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### The Ineffectiveness of a Primary-Secondary Dichotomy: Sheena Devlin’s Perspective

Sheena Devlin had a strong passion for education from a young age and aspired to become a primary teacher. During her childhood, she would play “schoolies” with her cousins and siblings, taking on the role of the teacher.

Reflecting on her early teaching experiences, Devlin credits those moments for laying the foundation for her career. Despite her enthusiasm, not everyone supported her choice to pursue primary teaching. Her S4 guidance teacher at Dundee’s Harris Academy expressed disapproval and suggested she consider secondary teaching instead, revealing a prevalent bias at the time.

Throughout her career, Devlin encountered instances where the significance of primary education was belittled. She recalls an education director who minimized the distinction between primary and secondary education, a perspective that she vehemently opposed.

As a graduate of the inaugural four-year primary teaching program at the University of Dundee in 1988, Devlin emphasizes the transformative impact of primary education on children’s lives. She highlights the joy of witnessing students progress from basic literacy skills to a comprehensive educational foundation.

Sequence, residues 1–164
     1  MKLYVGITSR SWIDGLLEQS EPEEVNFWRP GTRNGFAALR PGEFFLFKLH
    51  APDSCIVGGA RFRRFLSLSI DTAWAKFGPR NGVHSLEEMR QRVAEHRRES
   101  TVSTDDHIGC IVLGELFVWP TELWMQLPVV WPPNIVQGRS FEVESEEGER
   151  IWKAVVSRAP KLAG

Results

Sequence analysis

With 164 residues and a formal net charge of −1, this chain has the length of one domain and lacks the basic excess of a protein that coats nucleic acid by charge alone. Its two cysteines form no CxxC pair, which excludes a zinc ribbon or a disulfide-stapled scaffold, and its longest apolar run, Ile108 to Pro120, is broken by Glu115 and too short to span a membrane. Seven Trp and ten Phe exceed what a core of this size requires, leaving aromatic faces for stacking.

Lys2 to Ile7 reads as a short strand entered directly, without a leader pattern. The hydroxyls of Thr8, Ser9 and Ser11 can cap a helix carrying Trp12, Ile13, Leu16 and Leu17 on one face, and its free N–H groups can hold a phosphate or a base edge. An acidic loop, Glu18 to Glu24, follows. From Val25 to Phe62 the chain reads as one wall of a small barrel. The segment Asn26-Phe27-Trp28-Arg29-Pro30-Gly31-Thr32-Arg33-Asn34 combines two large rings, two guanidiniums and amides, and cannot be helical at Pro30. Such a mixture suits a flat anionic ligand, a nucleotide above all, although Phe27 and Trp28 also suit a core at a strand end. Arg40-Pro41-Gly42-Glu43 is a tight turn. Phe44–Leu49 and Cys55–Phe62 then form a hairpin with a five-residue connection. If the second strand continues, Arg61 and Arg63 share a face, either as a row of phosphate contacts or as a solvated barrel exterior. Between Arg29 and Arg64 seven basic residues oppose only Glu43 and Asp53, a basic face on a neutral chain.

However, Devlin notes that primary education often operates in the shadow of secondary education, leading to oversight and underappreciation of its value. This neglect, she warns, could potentially result in shortcomings similar to those observed in the Curriculum for Excellence (CfE) implementation.

Devlin, who assumed the role of president of the national education directors’ body ADES, emphasizes the need for educational reforms to address existing challenges. She underscores the importance of collaborative improvement initiatives and self-evaluation frameworks to drive progress within the education system.

In her advocacy for enhancing teaching quality, Devlin stresses the significance of ongoing professional development and a holistic approach to teacher education. She acknowledges the impact of resource constraints on training and development programs, emphasizing the need for sustained investment in educators’ growth.

Despite the complexities and tensions within the education sector, Devlin underscores the fundamental trust that underpins effective teaching and learning. She highlights the privilege and responsibility of shaping young minds, emphasizing the importance of autonomy and support for educators at all levels.

In a recent interview with Tes Scotland, Devlin echoes the call for continuous professional development and a seamless progression in teacher education to cultivate skilled and adaptive educators. She emphasizes the essential role of trust in empowering teachers and educational leaders to fulfill their responsibilities effectively.